7 Space Tourism Experiences for Aspiring Space Tourists

March 20. 2017. 6 mins read

We’re all fascinated by space as children. It’s vast, most of it is unknown and unexplored, and it is far more interesting than the Kardashians (they’re a family of boring individuals with no real accomplishments in life that people on earth idolize and the primary reason aliens aren’t speaking with us). As we grow up, our attention shifts to tangible realities like paying bills and doing jobs (jobs that no doubt will be replaced by robots in the next decade). Funded by agencies of the largest governments of the world, 99% of the 558 humans who have visited space so far have been professionals representing science and national policy projects. Now that’s about to change.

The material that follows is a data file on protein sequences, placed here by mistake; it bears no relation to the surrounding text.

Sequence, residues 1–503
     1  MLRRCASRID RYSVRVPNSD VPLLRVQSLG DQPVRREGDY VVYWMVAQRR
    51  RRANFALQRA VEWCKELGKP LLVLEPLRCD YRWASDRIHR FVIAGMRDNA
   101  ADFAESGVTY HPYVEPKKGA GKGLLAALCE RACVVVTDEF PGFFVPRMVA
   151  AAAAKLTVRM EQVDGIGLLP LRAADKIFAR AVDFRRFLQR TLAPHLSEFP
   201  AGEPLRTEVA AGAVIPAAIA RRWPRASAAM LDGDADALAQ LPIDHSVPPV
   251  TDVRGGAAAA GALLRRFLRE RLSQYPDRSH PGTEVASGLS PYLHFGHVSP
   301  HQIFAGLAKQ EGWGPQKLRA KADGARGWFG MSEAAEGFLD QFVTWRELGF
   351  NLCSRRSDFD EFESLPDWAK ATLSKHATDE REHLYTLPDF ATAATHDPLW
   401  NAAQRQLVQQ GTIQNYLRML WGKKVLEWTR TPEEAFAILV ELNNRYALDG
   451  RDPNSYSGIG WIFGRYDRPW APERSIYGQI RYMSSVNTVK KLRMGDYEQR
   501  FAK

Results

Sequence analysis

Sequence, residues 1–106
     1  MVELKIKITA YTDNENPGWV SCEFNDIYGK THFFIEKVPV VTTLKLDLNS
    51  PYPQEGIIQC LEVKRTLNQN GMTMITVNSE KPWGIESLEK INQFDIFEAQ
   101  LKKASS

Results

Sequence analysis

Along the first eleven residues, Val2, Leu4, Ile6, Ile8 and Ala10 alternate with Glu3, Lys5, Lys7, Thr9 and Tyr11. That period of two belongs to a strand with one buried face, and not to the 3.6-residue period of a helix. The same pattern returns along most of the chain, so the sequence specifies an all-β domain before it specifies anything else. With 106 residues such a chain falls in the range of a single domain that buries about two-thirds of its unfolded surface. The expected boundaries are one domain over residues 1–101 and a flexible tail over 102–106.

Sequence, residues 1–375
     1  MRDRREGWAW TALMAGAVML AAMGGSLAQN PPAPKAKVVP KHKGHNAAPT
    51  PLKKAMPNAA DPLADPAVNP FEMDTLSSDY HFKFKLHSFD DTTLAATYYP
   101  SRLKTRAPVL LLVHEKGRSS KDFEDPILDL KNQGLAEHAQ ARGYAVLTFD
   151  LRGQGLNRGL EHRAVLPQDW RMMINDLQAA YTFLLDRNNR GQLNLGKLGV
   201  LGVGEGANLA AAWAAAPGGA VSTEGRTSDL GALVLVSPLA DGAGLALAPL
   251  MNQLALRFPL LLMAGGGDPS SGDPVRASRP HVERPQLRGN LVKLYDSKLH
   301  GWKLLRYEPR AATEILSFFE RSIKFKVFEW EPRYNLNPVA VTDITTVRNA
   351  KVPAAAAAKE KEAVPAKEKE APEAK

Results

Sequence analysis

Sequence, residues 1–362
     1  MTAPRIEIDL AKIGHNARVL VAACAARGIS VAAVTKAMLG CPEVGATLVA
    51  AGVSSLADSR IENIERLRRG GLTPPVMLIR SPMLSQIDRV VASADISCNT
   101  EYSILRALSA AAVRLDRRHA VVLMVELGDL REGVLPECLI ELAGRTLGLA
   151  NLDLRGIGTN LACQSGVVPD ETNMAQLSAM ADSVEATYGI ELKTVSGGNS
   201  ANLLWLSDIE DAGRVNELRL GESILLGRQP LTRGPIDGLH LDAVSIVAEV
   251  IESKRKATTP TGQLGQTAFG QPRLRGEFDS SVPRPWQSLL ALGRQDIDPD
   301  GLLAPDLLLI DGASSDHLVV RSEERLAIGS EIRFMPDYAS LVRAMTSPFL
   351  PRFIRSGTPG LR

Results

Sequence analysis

Late this February, Elon Musk announced plans to fly two private citizens on a loop around the moon as space tourists, reaching 400,000 miles from Earth, farther than any human has gone before. The names of these individuals are kept secret, but we know they were the ones who reached out to SpaceX to arrange the trip and ‘they are not Hollywood celebs’. The plan is to use the new Dragon 2 capsule and Falcon Heavy rocket, both of which still need lots of testing before humans can climb on board. Hence, a planned 2018 flight seems somewhat ambitious, although this is only a side project for SpaceX. The startup is planning to use this setup for unmanned deliveries to the ISS space station in 2018 and for unmanned flights to Mars starting in 2020. This made us think. What are all the options available for space tourism today?